Yoga, Ayurveda and lower back pain.

Do you or someone you know suffer from lower back pain? It is said that as many as 80% of adults will suffer from back pain at some point in their adult life. Whether this brought on by an injury or appears apparently out of the blue, yoga and its sister science of Ayurveda can help you to overcome even the most chronic of back pain without costing a fortune. 

A regular yoga practice not only helps maintain a healthy spine, but improves muscle tone, posture, proprioception and helps relax the central nervous system. All of which can relieve symptoms of chronic back pain. As little as 5 minutes a day can have a profound effect on pain. 

While back pain is of course a physical sensation, it’s important to realise that the physical body is just one part of the over self. Yoga meaning union bridges the gap between the physical, mental, emotional and spiritual self. Poses such as cat/cow, pigeon pose, tadasana, apanasana and balasana when practiced with the breath, paying attention to how the body feels and moves are very beneficial for people suffering from lumbar pain 

Ayurveda the world oldest, most holistic medicine system, which has its roots in the same Vedic texts as yoga, looks at pain as a symptom of aggravated Vata in the body. Vata, made up of the elements air and ether, is responsible for movement all movement in the body. People suffering back pain usually find certain basic movements very difficult and painful. Other symptoms of aggravated or deranged Vata include anxiety, constipation and sleeplessness, all of which are common complaints made by people suffering back ache.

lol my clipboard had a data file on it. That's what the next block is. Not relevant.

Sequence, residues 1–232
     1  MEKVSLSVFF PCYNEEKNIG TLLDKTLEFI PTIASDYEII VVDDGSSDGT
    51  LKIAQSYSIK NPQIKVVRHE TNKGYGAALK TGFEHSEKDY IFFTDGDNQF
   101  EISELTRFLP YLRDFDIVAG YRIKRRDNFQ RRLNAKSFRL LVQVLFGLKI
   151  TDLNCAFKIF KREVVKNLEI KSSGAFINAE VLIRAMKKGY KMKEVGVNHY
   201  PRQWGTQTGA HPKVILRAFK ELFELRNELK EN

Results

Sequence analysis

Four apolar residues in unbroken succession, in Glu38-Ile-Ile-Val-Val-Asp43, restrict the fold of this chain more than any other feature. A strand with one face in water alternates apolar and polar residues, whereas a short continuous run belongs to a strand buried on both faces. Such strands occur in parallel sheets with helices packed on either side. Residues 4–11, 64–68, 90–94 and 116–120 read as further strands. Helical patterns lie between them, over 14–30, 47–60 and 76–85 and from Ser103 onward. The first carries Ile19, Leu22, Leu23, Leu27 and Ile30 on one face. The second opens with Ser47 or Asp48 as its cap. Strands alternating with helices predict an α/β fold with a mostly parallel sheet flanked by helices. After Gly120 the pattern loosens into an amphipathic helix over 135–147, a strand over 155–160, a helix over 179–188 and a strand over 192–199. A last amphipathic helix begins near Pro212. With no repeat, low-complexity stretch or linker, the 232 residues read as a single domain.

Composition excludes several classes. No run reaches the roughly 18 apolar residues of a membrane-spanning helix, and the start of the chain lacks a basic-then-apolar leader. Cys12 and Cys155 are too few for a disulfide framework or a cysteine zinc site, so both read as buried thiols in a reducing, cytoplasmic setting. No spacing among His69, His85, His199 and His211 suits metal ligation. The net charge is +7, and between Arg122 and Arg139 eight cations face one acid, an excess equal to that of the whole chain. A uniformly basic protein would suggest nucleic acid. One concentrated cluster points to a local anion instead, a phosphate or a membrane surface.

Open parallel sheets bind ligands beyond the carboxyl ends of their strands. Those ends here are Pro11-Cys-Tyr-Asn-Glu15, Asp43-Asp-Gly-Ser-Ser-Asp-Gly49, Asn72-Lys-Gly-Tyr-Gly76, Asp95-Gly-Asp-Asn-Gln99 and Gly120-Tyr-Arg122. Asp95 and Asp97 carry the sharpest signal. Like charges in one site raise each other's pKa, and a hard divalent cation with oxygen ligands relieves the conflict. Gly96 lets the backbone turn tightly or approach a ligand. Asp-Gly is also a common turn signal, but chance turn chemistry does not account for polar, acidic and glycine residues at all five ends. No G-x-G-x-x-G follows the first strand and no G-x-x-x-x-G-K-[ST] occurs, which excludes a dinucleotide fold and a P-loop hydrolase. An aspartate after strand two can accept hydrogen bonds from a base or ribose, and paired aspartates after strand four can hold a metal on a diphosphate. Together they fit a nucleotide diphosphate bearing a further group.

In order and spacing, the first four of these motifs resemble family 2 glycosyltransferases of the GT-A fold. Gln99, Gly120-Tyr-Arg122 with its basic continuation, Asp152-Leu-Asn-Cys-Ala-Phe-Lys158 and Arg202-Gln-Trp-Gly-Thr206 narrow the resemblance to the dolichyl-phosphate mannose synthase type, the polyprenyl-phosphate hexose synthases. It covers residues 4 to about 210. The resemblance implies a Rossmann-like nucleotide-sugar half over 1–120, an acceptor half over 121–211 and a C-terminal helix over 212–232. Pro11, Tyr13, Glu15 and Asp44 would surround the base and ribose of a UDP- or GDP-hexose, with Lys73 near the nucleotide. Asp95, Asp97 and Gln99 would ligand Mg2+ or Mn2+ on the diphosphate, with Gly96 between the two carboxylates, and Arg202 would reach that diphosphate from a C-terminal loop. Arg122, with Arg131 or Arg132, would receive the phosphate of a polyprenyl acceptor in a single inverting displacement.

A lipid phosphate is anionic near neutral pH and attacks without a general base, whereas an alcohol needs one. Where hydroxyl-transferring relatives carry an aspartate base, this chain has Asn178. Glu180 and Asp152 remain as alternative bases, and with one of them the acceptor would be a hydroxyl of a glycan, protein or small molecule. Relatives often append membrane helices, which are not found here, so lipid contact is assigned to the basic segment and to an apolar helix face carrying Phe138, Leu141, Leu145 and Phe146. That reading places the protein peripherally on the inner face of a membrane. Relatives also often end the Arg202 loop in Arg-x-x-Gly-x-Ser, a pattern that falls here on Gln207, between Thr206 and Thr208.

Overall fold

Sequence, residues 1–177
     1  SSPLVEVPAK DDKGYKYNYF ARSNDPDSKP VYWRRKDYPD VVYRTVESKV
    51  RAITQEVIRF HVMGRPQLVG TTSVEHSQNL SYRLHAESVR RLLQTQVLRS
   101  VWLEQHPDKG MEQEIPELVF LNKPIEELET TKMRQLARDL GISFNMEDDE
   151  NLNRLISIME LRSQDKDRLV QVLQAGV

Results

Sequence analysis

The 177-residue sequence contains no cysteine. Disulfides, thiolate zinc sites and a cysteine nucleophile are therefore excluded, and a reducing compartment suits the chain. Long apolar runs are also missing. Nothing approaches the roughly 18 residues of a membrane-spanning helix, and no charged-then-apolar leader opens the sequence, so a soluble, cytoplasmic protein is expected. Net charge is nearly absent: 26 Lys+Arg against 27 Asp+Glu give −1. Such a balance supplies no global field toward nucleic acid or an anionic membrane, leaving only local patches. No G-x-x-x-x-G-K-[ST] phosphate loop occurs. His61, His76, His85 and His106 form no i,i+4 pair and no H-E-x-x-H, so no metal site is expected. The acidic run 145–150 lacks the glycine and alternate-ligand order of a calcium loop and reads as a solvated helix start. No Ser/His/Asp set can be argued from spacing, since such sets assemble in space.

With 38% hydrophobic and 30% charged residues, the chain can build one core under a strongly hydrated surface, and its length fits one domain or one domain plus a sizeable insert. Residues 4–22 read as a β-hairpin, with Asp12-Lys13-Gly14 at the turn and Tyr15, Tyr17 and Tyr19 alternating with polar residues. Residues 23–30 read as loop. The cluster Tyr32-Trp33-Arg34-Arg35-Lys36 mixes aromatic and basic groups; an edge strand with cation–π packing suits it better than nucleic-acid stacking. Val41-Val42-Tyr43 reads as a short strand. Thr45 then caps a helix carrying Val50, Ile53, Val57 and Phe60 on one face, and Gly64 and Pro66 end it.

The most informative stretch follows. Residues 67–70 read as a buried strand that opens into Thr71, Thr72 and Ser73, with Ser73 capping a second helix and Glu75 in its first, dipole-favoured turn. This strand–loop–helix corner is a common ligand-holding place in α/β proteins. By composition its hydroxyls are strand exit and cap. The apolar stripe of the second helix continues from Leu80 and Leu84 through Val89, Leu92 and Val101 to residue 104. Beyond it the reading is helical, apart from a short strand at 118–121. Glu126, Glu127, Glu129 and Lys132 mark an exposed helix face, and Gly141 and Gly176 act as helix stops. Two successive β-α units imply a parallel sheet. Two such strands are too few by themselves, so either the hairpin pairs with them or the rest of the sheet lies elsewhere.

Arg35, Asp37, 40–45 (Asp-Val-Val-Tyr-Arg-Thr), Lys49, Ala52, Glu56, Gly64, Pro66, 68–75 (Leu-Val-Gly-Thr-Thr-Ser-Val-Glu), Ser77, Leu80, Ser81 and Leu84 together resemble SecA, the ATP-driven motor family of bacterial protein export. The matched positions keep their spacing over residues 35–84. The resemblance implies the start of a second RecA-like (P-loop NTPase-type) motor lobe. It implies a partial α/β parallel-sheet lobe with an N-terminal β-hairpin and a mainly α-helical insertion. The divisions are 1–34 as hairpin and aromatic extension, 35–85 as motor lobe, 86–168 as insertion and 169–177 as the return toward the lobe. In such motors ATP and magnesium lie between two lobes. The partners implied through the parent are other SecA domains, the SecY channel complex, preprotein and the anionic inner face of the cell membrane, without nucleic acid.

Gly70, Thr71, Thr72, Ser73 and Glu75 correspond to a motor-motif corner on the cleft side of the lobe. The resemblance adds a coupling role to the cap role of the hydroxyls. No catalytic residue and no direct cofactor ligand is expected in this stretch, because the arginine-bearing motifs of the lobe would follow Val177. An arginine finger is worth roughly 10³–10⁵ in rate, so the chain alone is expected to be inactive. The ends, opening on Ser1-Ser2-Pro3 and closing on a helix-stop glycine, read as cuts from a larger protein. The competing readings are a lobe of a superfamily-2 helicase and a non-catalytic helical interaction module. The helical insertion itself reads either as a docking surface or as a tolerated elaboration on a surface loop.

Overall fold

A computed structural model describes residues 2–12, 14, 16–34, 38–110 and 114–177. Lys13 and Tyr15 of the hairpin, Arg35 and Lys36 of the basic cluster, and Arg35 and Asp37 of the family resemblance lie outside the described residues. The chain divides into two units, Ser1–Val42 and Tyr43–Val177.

As stated above, the Vata Dosha is composed of the elements air and ether making it cold and dry, to soothe deranged Vata, bring the body back into balance and find relief from back pain we must ensure the body is adequately hydrated. Dehydration can lead to constipation which leads to a tightening of muscles in the pelvic region (the headquarters of the Vata Dosha) further aggravating the back. Muscles, joints and spinal discs also need sufficient hydration to be able to move freely and painlessly. 

To balance Vata we need to nourish the body with warm, moist, fresh food and try to avoid dry, raw, cold and processed foods. Warming spices such as ginger, cumin, cinnamon and black pepper can be added to food to increase warmth and digestibility of the food. Healthy fats, such as ghee (clarified butter) are also vital to nourish tissue and keep the body lubricated. 

Excessive movement, travel, anxiety and lack of sleep will also aggravate the pain and the Vata Dosha, while this can feel like a vicious circle with one thing leading to another, establishing a good morning and evening routine will help reduce anxiety and improve sleep quality. Five minutes meditation in the morning helps to focus the mind, while daily abhyanga (self-massage) grounds the mind and slows and warms the body. Warm milk with nutmeg and spices relaxed the body, relieves pain and helps induce restful, healing sleep. 

Incorporating the above-mentioned habits alongside a gentle yoga asana (posture) and pranayama (breathwork) practice will greatly improve back and other Vata related conditions.

By Nessa Feehan (recent graduate from our Diploma of Ayurvedic Studies course)

Ayurvedic Practitioner & Yoga Teacher

https://www.yoganessireland.ie

Satmya